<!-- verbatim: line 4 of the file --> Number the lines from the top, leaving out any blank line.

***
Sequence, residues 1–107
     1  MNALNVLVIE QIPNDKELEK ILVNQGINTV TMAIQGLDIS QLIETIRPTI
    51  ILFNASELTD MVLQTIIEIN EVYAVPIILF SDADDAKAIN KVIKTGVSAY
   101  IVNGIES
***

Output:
   101  IVNGIES